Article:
Eye movement trajectories in active visual search: Contributions of attention, memory, and scene boundaries to pattern formation

We relate the roles of attention, memory, and spatial constraints to pattern formation in eye movement trajectories previously measured in a conjunctive visual search task. Autocorrelations and power spectra of saccade direction cosines confirm a bias to progress forwardly, while turning at the display boundaries, plus a long-range memory component for the search path. Analyses of certain measures of circulation and imbalance in the eye trajectories, and their relations with the display area correspondingly subtended, bear signatures of spiraling or circulating patterns. We interpret their prevalence as mainly due to the interactions between three basic psychoneural mechanisms (conspicuity area, forward bias, long-range memory) and two task-specific geometric- spatial constraints on the eye trajectories (central start and display confinement). Conversely, computer simulations of random walks in which all psychoneural mechanisms are eliminated, while geometric-spatial constraints are maintained, show no prevalence of circulating patterns by those measures. We did find certain peculiarities of some individual participants in their pattern selections, but they appear too casual and incidental to suggest more systematic or complex search strategies in our randomized displays of uninformative stimuli.

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Acknowledgments

We thank Ann Lablans, Lindsey Duck, Donald Brien, Sean Hickman, and Mike Lewis for outstanding technical assistance. We also thank Stefan van der Stigchel, Thomas Trappenberg, Zhiguo Wang, and the members of the Munoz Lab for insightful comments on earlier versions of this work. The project was funded by the Human Frontiers Science Program (Grant RGP0039-2005-C) and the Canadian Institutes of Health Research (Grants MOP-77734 and CNS-90910). D. P. M. was supported by the Canada Research Chair Program.


References

Ernst UA, Mandon S, Schinkel-Bielefeld N, Neitzel SD, Kreiter AK, Pawelzik KR: Optimality of human contour integration. PLoS Comp Biol. in review

Field DJ, Hayes A, Hess RF: Contour integration by the human visual system: Evidence for a local “association field.”. Vision Research. 1993, 33: 173-193. 10.1016/0042-6989(93)90156-Q.

Van Humbeeck N, Hermens F, Wagemans J: Eye movement strategies during contour integration. Perception. 2011, 40 (ECVP Abstract Supplement): 192-


Introduction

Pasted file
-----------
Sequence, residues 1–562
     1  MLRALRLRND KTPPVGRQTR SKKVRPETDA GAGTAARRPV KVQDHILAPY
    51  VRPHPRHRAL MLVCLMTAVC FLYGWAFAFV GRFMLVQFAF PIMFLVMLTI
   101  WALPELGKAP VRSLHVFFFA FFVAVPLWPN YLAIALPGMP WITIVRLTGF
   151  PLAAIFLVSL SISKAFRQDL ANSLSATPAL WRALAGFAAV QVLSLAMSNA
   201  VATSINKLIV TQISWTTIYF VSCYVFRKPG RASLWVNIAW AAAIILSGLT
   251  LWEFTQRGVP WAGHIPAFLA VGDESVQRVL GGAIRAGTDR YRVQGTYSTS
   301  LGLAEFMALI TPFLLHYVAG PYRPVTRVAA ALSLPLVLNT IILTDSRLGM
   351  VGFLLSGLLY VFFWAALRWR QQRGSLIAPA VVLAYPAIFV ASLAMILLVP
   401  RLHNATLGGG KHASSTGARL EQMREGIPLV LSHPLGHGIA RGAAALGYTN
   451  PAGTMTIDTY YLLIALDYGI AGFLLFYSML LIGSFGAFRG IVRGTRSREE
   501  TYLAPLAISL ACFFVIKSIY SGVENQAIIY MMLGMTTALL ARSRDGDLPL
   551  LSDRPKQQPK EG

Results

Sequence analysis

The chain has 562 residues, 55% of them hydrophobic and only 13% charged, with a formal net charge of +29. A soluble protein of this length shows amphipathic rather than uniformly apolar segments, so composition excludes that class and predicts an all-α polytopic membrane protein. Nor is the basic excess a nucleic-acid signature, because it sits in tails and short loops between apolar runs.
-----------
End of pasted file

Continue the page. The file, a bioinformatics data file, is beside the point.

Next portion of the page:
When we open our eyes, we experience seeing and acting in the present. However, due to the delays inherent in neuronal transmission, the brain needs time to process what we see. Our awareness of visual events therefore lags behind the occurrence of those events in the world. Nevertheless, we are usually unaware of this delay, and are able to interact with even rapidly moving objects with surprising accuracy (Smeets et al., 1998). One explanation for how the brain might achieve this is that it overcomes its own delays through prediction. By using what it knows about how objects move in the world, the brain can work ahead to compensate for known delays, essentially predicting the present. In visual motion, for example, the future position of a moving object can be extrapolated based on previous samples (Nijhawan, 1994), and we have recently demonstrated that such neural mechanisms do indeed reduce the lag with which the brain represents the position of a moving object (Hogendoorn and Burkitt, 2018). A rapidly moving ball, which would be mislocalized if the brain did not compensate for processing delays, can be caught because its future location can be extrapolated given enough information about its past trajectory. Accurately catching the moving ball further requires that the brain compensates not only for the delays inherent in the processing of the incoming visual information, but also for the additional delays incurred by the planning and execution of the hand and arm movement. Effectively functioning in the present therefore requires that a predictive mechanism accurately encodes the time lost in the transmission and processing of sensory information, as well as the expected time that will be lost in preparing the next motor program, transmitting the associated motor commands, and actually moving the corresponding effectors.